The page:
Experts Say ECs Case Is a Hard Sell

By Clint Boulton  |  Posted 2010-11-30 Print this article Print


Search Engine Land's Danny Sullivan published this trenchant post, providing valid points that skewer the concerns the Commission is fielding from shopping sites.

"A search engine's job is to point you to destination sites that have the information you are seeking, not to send you to other search engines," Sullivan wrote. "Getting upset that Google doesn't point to other search engines is like getting upset that The New York Times doesn't simply have headlines followed by a single paragraph of text that says,  -read about this story in The Wall Street Journal.'"

Google also pointed out in its blog post that a lot of the antitrust allegations and investigations the company faces are steeped in the fact that the company has grown so large.

The search engine controls 66 percent of U.S. search (more overseas), employs almost 24,000 people and is expanding its search ad purview into mobile sectors.

Indeed, Susquehanna Research analyst Marianne Wolk said Google's lion's share of global search queries and search ads have meant it has faced significant regulatory scrutiny for some time and is likely to continue to do so.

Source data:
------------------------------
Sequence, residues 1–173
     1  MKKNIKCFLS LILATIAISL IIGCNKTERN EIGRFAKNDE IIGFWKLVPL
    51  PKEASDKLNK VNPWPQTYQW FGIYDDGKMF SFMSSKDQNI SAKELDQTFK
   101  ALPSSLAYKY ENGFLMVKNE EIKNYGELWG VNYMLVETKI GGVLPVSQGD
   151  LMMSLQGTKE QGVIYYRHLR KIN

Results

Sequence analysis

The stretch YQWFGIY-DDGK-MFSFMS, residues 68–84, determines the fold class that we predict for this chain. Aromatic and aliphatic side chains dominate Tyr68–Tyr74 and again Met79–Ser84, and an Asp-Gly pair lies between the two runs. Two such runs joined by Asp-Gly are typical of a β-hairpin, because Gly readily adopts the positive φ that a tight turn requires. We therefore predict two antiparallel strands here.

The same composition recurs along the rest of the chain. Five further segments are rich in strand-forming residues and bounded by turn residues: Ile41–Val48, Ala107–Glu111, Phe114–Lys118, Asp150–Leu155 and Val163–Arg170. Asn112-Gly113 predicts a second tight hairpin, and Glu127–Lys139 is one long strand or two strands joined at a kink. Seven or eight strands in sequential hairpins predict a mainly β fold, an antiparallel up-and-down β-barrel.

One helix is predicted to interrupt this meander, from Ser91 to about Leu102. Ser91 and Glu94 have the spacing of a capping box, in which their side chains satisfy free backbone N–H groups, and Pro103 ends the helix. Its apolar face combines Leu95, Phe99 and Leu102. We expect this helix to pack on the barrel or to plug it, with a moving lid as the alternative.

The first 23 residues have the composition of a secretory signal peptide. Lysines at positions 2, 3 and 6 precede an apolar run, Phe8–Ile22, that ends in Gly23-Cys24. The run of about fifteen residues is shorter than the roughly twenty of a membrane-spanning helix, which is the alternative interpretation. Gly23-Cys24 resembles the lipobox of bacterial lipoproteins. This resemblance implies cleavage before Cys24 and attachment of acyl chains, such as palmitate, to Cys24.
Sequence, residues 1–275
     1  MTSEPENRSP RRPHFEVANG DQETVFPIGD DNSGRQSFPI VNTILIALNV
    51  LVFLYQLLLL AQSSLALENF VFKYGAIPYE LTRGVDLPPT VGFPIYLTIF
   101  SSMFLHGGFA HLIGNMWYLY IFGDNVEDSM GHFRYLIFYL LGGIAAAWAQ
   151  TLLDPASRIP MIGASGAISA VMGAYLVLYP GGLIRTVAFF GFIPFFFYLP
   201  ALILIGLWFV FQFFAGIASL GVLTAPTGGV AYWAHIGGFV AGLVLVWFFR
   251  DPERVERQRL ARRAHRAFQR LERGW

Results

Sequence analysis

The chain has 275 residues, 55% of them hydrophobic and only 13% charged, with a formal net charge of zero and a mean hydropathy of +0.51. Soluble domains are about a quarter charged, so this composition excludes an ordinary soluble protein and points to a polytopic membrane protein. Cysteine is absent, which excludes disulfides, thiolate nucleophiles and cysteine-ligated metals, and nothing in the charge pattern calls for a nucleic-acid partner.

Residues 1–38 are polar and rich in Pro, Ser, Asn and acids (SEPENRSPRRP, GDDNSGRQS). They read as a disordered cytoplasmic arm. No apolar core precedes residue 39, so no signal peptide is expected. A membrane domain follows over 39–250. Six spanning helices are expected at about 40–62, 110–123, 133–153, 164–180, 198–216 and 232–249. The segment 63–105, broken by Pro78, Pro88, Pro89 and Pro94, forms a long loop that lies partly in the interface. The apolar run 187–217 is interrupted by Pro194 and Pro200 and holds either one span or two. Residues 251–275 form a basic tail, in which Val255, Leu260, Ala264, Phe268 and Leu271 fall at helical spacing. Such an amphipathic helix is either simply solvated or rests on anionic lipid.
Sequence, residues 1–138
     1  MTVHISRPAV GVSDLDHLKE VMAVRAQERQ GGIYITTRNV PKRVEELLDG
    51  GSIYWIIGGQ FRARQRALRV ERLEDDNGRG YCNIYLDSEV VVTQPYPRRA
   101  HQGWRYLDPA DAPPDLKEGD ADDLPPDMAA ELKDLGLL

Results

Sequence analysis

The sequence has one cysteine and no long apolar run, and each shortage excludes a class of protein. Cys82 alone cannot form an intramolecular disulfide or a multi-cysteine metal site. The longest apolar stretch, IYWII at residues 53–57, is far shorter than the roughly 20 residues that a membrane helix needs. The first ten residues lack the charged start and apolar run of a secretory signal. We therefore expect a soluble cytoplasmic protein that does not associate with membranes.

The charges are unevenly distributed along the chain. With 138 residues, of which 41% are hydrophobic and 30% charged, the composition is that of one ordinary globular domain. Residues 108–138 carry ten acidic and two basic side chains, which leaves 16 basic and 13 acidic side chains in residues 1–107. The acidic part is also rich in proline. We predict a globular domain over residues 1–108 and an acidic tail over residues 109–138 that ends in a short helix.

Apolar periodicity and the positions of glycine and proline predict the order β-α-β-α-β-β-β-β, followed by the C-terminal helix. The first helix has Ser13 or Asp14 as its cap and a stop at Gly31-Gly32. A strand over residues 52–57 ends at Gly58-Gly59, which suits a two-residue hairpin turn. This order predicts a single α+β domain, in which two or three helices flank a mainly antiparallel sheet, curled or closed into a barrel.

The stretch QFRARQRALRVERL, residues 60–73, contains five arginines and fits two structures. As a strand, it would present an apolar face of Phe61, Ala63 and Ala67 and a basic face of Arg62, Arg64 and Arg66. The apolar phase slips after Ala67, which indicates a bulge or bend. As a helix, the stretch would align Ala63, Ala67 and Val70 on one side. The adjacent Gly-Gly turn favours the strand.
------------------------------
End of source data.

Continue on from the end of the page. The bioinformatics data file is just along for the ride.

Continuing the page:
"In this sense, today's announcement is not -new news' to most investors," Wolk wrote in a research note Nov. 30.

But size alone does not make one a monopoly; it is the action an entity takes to get there. Google has tried to be cautious in this regard, even as it has misstepped in matters of privacy with Google Buzz and Google Street View.

However, there has been no incontrovertible proof that Google has done the competition wring. Such a finding of guilt by the EC would be incredibly damaging for Google, costing it search partnerships and money.

The Commission-which has fined Intel and Microsoft more than $2 billion for abusing their positions in their respective markets-reserves the right to fine companies up to 10 percent of annual revenues for abusing their market power.  

Wolk noted that fining Google 10 percent of global sales could cost the company $2.8 billion, based on the last 12 months of gross GAAP revenue of $28 billion.

This is a pittance of Google's $34 billion in available cash; the harm to Google's reputation would be much worse.  


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